Recently, I teamed up with U by Kotex for the #itsnotmyperiod campaign, that challenges the stigma that women behave and act a certain way because of their periods, not because of who they really are. U by Kotex is an avid supporter of women’s progress and have always been on our side, battling against the stereotypes that come with that “time of the month”. That’s something that strikes a chord with me. I’ve realized that unintentionally, we all contribute to period stigma – and women are as guilty as men.
I had a conversation with my family about my partnership, and my stepmom told me that in the 1950s, female hygiene products were actually put into brown paper bags before being placed on shelves in shopping aisles. Okay, we’ve come a LONG way since this, but period stigma still exists when it comes to using periods to explain a woman’s behaviour and emotions, whether she’s on her period or not. That’s not okay. Periods don’t define women, women do. It’s such a normal and natural part of being a woman and it’s time we start treating it that way.
When I was on The Bachelorette there were so many moments that could’ve been misinterpreted as me being either too bossy or dramatic. What can I say, I knew what I wanted – and I guess that dubbed me as one of the show’s most controversial Bachelorette’s to date. I’ll take it.
I was there to meet my future husband and there was no time for nonsense. I was honest and called it how it was. That didn’t sit well with some people. Honestly, things got a little crazy and emotions ran high. The most difficult part for me were the rose ceremonies. I wore my heart on my sleeve and did my best to be as honest and forthright as possible. I thought I was doing the right thing by not sugar coating my feelings, but my words were misconstrued and some people couldn’t take it. Eyes rolled and others actually said things like “oh, geez she must be pms-ing.” Are you kidding me?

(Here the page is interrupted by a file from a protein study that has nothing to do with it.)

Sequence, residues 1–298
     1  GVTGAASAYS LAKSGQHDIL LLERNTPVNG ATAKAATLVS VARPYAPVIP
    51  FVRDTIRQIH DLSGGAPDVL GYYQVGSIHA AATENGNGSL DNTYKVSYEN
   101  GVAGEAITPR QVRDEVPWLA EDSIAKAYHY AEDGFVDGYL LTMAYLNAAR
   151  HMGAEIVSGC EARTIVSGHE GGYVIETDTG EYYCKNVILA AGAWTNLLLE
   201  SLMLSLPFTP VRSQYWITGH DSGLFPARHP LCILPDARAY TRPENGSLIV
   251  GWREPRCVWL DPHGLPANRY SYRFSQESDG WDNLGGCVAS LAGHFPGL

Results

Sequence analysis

A women’s emotions and opinions should never be brushed off as her experiencing “that time of the month”. The things I felt on that show were raw and I own everything I said and did. That was me. That was not “code red”.
Look around. Women have made such incredible strides forward – but there’s still a long way to go. Before we tackle the larger issues, let’s take a step back and think about how we speak about the simple, everyday things. I want to know if you’ve heard this happen or experienced it personally before. Share with me online using #itsnotmyperiod so together, we can change the conversation!
Because seriously, it’s my sass, #itsnotmyperiod.